Ray Bechard has led Kansas University's volleyball squad to a place it's never been -- the NCAA Tournament.
KU will take on Long Beach State Thursday in Malibu, Calif., in the tournament's first round.
But the success KU's program is enjoying this week might never have happened if Bechard hadn't left his comfort zone.
Actually, considering the success Bechard enjoyed while coach at Barton County Community College from 1985 to 1997, comfort zone might be an understatement.
"When I was little, all I knew was Barton County volleyball," said Bechard's daughter, Ashley, now a junior setter for the Jayhawks. "I didn't think volleyball existed anywhere else."
Thanks to Ray Bechard, that was the mindset of most people living in the Great Bend area.
His Barton teams played in 10 Final Fours during his 13 years at the junior college. Heck, the Cougars only lost three matches in the Jayhawk Western Conference as Bechard tallied an amazing 716 wins against only 60 losses. That's a 92.3 winning percentage, including a 34-4 mark against four-year schools.
Despite all the success -- which included a 126-match home-court winning streak, the longest in the nation at the time -- and Bechard ranking fourth all-time for juco wins, there was another challenge that awaited the Grinnell native: Kansas University.
"This was his dream job, so between us we knew that if it happened, we really wouldn't have to sit down and discuss it," said Bechard's wife, Pam. "We knew we were just going to go.
"We were just going to take the new adventure, go for the journey and go with it."
That journey has had rough spots. Coming into this season, Ray Bechard's best-ever with the Jayhawks (21-10 overall, 13-7 Big 12 Conference), he had been 82-70 in his first five years at KU.
The Jayhawks never posted a Big 12 finish above sixth place, and just a few years ago KU was playing home games in Robinson Gym.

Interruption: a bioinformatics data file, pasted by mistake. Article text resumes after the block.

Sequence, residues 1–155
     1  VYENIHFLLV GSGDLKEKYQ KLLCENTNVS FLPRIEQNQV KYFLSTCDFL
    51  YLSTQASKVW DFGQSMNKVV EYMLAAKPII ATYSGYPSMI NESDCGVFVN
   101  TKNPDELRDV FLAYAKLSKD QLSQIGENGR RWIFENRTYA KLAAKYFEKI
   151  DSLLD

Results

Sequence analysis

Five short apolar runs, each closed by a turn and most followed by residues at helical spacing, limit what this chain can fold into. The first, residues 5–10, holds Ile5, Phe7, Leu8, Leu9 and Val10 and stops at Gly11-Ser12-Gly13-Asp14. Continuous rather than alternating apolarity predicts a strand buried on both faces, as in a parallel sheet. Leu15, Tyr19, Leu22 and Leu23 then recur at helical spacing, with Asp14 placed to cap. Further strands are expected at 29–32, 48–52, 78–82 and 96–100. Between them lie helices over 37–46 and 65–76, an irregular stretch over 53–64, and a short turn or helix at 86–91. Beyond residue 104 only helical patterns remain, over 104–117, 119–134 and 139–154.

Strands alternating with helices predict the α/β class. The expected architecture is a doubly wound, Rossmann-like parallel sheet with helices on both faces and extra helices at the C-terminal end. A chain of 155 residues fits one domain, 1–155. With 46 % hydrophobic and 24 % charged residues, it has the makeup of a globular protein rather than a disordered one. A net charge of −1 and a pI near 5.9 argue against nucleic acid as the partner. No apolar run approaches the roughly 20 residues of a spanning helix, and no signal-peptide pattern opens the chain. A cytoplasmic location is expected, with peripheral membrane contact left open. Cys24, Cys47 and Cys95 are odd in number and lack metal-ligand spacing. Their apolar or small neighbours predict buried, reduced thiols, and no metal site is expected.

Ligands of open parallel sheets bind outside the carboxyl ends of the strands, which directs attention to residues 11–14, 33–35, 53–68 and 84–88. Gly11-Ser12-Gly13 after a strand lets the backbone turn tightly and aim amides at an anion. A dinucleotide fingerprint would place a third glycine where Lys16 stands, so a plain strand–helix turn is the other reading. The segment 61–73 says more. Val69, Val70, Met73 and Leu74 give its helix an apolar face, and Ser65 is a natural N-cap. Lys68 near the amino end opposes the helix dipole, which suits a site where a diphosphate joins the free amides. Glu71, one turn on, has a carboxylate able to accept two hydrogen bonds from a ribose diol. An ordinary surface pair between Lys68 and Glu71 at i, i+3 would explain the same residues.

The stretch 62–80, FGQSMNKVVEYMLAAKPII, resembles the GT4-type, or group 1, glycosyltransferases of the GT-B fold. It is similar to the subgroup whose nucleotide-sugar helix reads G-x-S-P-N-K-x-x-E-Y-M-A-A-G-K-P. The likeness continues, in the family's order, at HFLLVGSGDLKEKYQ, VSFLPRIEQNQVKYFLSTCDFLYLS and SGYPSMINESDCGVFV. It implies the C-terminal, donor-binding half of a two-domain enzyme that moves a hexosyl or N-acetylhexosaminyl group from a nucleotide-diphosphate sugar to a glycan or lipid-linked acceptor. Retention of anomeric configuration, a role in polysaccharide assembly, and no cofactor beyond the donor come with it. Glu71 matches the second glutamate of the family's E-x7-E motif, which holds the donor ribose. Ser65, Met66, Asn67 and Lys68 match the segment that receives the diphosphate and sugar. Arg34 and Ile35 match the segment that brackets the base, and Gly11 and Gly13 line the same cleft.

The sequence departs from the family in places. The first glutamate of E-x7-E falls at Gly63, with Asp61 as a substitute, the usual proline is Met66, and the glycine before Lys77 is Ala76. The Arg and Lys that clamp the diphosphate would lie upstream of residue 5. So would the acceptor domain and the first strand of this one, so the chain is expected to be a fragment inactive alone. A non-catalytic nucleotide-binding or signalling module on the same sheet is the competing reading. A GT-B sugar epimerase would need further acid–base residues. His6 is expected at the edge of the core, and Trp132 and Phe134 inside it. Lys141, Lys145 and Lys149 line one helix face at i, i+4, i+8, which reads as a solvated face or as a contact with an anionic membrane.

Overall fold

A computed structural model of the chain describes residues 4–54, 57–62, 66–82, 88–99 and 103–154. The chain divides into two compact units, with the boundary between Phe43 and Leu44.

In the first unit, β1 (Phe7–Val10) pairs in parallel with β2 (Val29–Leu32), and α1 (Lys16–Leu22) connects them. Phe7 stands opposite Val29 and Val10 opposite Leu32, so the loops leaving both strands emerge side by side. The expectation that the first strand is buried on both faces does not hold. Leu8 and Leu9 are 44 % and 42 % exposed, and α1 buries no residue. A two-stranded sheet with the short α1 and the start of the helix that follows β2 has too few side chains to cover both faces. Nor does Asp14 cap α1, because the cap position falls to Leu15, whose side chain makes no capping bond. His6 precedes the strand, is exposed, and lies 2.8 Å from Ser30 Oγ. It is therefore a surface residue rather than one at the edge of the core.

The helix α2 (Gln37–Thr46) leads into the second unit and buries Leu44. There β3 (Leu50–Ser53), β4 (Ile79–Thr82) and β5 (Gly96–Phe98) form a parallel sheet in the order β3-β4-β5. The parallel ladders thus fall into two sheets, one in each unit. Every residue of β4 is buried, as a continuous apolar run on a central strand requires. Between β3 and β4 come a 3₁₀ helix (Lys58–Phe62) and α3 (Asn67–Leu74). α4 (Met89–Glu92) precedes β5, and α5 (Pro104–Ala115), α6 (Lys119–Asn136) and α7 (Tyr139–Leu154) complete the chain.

"I think a big reason for our turnaround was the facility we're at now," said Bechard, whose team moved into the 16,500-square-foot Horejsi Center during the 1998-99 season.
The facility holds nearly 1,500 fans and has offered a permanent home to the Jayhawks.
"We've got a home we're really comfortable in and can relate to, that's a big part of it," Bechard said.
Bechard also has been helped by local talent. Eight of the 15 Jayhawks on this year's squad are from Kansas or Missouri.
"I remember when he was recruiting me he told me, 'I'm not going to promise you we're going to make it to the NCAA Tournament when you're there, but it's a hope,'" said Ashley Michaels, a Wathena native.
Thursday, that dream becomes reality for Bechard and his Jayhawks.
"Pam and I were walking today," Bechard said Sunday, when his team was selected for the 64-team tourney, "we were going through the history of the six years here and how many people thought, 'Oh you made a mistake, leaving a pretty safe-and-sound program and coming here.'
"Obviously, we knew it was going to be a lot of work. We wish this day would've come sooner, but it's here now and obviously we're thrilled."